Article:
EU Timber Regulation Post-Brexit in the Event of ‘No Deal’
Those trading in timber and timber-based products (including pulp and paper) are already legally required to comply with the EU Timber Regulations designed to prevent products made from illegally harvested materials entering the EU internal market. The legislation works by classing the organisation first placing the product on the EU market as the Operator, and requiring this organisation to operate a due diligence system to identify any illegality risks and to act to minimise them. Any organisations that subsequently buy or sell these materials are classed as Traders, with a simple obligation to record purchases and sales. All records are open to inspection by the regulatory authorities to enable questionable goods to be tracked through the supply chain.
With the UK as part of the EU, and once a pulp or paper product is on the market anywhere in the EU, then sales to or from the UK are only required to comply with the very simple Trader obligations. However, if the UK leaves the EU with no deal, then both the UK and EU have confirmed that anything coming from anywhere in the EU into the UK will require a full Operator assessment for the UK Regulator; and anything entering the EU from the UK will require a full Operator assessment for the Member State Regulator – potentially a huge new red tape burden.
The UK preferred option remains to stay aligned with the rest of the EU, so that legal harvesting of timber must be proven the first time material is placed on the EU or the UK market, with no additional assessment required for transfer within the single market. The Commission has made no comment on long-term options, rather considering that this issue that should be resolved as part of a long-term deal, but noting that the UK preferred approach would be difficult without remaining in the single market.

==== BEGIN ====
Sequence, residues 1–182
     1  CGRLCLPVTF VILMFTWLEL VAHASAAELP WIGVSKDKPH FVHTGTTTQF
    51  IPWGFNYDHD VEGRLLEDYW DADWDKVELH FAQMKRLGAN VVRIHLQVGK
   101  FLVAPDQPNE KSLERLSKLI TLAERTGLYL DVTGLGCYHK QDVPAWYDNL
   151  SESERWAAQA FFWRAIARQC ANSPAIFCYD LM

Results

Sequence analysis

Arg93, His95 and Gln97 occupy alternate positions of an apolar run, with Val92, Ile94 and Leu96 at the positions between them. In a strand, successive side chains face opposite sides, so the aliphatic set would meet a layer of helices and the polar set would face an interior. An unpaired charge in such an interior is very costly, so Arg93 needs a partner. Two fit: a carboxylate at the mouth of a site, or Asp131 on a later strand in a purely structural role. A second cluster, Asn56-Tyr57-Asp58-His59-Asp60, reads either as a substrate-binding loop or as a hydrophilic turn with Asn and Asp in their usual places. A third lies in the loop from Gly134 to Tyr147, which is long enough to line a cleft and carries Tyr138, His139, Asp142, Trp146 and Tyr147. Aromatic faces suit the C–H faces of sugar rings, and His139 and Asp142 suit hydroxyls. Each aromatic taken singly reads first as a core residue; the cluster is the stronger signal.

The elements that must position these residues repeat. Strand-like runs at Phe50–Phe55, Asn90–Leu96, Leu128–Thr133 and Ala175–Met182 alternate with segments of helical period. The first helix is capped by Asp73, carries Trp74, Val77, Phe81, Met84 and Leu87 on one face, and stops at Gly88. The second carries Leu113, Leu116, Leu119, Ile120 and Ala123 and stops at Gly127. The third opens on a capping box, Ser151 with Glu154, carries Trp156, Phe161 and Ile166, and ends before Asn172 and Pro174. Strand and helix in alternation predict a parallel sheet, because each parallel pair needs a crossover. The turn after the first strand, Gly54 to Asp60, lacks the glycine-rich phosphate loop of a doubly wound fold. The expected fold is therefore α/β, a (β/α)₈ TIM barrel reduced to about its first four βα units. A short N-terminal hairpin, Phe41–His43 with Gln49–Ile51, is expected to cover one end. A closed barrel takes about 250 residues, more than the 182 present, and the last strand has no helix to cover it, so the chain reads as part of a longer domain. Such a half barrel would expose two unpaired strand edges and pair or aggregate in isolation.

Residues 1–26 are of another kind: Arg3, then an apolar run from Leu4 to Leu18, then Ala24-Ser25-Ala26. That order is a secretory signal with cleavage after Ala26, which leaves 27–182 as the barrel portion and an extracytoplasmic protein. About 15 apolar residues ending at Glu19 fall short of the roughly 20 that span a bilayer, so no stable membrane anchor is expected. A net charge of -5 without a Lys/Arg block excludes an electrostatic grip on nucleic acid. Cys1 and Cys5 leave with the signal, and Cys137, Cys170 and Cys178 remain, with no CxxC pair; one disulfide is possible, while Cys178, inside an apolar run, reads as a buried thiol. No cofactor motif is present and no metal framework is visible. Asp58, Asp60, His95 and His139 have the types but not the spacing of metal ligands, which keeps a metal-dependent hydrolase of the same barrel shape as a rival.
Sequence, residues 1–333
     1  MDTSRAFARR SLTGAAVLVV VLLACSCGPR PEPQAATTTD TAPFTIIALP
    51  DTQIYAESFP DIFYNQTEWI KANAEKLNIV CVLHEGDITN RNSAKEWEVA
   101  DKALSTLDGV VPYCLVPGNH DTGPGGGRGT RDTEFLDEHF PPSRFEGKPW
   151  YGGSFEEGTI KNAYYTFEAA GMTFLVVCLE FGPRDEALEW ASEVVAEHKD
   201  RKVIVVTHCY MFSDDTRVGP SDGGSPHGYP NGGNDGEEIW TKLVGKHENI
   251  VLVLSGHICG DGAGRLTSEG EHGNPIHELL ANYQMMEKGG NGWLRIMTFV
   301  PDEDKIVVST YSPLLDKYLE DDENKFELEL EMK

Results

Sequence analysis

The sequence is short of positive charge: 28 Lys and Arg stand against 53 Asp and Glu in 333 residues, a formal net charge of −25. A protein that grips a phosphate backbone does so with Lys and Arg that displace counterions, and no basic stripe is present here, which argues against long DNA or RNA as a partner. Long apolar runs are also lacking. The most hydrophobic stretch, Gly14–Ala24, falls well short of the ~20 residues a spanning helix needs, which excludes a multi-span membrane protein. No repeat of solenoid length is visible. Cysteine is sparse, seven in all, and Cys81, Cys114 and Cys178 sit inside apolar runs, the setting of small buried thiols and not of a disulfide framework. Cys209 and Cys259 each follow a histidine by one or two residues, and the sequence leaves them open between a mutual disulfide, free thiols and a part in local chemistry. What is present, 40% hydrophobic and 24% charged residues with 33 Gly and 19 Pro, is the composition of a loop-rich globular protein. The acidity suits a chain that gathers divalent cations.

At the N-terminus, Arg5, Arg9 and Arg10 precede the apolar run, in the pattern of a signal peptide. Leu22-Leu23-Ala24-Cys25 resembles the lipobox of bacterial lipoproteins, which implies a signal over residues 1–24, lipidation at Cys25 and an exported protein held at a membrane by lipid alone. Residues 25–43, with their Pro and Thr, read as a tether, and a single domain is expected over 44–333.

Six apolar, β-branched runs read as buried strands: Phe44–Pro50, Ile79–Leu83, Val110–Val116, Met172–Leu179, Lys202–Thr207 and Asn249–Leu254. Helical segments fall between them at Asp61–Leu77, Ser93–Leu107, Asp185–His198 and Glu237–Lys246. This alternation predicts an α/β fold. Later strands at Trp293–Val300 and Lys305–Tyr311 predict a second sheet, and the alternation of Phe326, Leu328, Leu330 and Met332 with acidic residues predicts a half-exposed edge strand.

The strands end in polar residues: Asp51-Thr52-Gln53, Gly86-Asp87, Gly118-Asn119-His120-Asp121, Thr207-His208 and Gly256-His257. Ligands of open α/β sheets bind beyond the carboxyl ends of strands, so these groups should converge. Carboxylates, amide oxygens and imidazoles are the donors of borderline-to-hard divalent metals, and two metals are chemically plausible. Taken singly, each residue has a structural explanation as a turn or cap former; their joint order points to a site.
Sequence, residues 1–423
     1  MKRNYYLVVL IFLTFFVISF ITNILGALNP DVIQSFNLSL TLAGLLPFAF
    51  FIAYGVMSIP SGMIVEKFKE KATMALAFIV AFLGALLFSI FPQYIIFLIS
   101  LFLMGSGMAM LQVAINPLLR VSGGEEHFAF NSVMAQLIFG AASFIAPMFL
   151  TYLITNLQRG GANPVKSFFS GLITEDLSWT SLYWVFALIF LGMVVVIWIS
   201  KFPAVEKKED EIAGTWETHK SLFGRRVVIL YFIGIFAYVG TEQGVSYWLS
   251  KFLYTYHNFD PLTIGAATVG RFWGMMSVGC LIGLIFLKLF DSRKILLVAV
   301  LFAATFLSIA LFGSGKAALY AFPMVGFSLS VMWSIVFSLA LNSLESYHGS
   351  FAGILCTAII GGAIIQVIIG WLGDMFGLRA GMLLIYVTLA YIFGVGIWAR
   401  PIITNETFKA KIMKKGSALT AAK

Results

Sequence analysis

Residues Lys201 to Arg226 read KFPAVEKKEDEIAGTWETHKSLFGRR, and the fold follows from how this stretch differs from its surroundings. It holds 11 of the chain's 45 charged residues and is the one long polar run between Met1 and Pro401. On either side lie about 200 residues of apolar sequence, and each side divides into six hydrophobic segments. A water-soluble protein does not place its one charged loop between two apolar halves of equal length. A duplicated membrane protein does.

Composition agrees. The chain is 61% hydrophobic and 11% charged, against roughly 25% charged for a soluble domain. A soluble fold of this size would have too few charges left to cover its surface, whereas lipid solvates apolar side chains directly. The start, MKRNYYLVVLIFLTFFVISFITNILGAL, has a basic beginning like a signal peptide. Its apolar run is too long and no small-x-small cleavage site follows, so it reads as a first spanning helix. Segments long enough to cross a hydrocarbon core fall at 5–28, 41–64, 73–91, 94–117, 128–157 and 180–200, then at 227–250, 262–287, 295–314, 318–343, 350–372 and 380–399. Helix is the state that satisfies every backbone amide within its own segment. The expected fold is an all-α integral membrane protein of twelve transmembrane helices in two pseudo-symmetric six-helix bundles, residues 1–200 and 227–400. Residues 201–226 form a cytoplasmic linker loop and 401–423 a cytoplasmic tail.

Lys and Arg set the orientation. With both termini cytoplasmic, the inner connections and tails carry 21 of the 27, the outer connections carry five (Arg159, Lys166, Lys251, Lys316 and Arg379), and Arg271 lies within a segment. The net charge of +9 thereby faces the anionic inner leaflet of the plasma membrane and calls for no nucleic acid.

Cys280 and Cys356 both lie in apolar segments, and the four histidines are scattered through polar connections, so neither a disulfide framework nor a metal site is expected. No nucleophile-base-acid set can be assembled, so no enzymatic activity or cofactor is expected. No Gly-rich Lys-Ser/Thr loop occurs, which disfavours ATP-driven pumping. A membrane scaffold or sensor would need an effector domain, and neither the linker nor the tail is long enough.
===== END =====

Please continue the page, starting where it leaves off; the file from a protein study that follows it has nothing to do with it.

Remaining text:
This is not an issue that will stop the movement of goods at a border because compliance is assessed at company level by the regulatory audit; in other words there’s no piece of paper to hand to customs at the border.
Guidance from the UK Regulator suggests that due diligence checks would involve:
- gathering information on the timber, including its species, quantity, supplier, country of harvest and compliance with applicable legislation
- assessing the risk of timber being illegal, applying set criteria in the regulations; and
- Obtaining additional information or taking further steps to verify legality (for example testing or assessment of the supply chain).
Because the same material may be subject to similar checks a number of times, it would seem worth discussing the possibility of sharing information along supply chains as a way to manage obligations.
A reminder that product made from recycled material remains outside the scope of regulations (subject to proof of the recycled status) and that packaging when in use as packaging is also outside scope.
For further information contact Steve Freeman on 07775 696514 or email mailto:firstname.lastname@example.org